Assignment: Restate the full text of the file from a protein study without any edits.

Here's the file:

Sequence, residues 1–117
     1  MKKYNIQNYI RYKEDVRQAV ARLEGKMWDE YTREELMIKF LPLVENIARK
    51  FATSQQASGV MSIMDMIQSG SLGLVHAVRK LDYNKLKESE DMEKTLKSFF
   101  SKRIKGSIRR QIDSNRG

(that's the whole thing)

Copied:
Sequence, residues 1–117
     1  MKKYNIQNYI RYKEDVRQAV ARLEGKMWDE YTREELMIKF LPLVENIARK
    51  FATSQQASGV MSIMDMIQSG SLGLVHAVRK LDYNKLKESE DMEKTLKSFF
   101  SKRIKGSIRR QIDSNRG